NJ bill approved to 'tax' nonprofit hospitals: 5 things to know

A bill requiring nonprofit New Jersey hospitals to pay a fee for municipal services won legislative approval Monday and heads to Gov. Chris Christie (R) for approval, according to an NJ.com report.

Here are five things to know about the Hospital Community Service Contribution bill.

1. If the bill is signed into law by Gov. Christie, it would require nonprofit hospitals to pay fees rather than full-out property taxes. Hospitals would pay their municipalities $2.50 per bed per day and $250 per day per satellite emergency facility, according to the report. These fees would go up 2 percent each year for inflation.

2. Most of the state's hospitals — about 85 percent — are nonprofit and do not pay property taxes, though they rely heavily on police, fire and other public services. According to the report, industry consolidation and outpatient service trends have increased demand for these services.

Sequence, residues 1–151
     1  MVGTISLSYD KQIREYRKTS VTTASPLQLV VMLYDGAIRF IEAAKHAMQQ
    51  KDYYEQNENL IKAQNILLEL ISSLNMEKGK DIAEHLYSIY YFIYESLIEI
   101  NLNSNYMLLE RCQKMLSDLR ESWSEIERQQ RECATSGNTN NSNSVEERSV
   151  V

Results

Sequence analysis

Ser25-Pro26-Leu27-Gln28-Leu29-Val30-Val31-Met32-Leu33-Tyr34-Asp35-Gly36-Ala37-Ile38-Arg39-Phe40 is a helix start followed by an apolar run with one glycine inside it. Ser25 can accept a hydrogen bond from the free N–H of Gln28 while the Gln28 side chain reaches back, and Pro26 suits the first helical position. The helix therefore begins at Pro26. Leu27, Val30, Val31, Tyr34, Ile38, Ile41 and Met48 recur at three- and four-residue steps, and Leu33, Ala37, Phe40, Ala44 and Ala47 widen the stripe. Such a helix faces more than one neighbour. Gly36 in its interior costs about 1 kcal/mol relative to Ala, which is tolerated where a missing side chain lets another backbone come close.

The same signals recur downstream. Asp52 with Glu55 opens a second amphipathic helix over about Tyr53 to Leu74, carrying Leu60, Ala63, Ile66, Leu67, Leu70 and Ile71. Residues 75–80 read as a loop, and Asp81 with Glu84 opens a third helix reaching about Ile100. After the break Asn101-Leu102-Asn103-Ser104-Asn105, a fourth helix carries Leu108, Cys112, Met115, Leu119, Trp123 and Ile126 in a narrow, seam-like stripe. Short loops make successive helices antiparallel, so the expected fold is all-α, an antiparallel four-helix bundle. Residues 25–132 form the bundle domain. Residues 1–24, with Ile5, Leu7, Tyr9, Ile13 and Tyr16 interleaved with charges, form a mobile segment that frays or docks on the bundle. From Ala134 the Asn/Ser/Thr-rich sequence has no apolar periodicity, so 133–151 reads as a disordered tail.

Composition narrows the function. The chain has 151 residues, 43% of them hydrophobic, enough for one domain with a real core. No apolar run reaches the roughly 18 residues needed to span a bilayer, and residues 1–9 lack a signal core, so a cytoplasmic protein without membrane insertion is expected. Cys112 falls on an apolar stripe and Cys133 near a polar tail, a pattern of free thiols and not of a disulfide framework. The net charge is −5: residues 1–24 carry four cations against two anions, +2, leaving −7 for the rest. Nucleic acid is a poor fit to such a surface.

3. The bill comes in response to a lawsuit challenging Morristown (N.J.) Medical Center's tax exemption status. The 687-bed hospital lost the case and the ruling found it operated largely as a for-profit entity. The hospital agreed to pay $15.5 million in property taxes due to ambiguity between its nonprofit and for-profit businesses.

4. Lawmakers and hospital executives developed the Hospital Community Service Contribution bill as a way to address the issue. Proponents of the bill say it will help hospitals retain their tax-exempt status, protecting them from significant taxes, while still making them contribute financially to the community services they need, according to the report.

5. Critics are calling the bill a "clear giveaway to the hospital lobby," according to NJ.com. Those who oppose the bill say it will shortchange cities that host nonprofit hospitals, according to the report.

 

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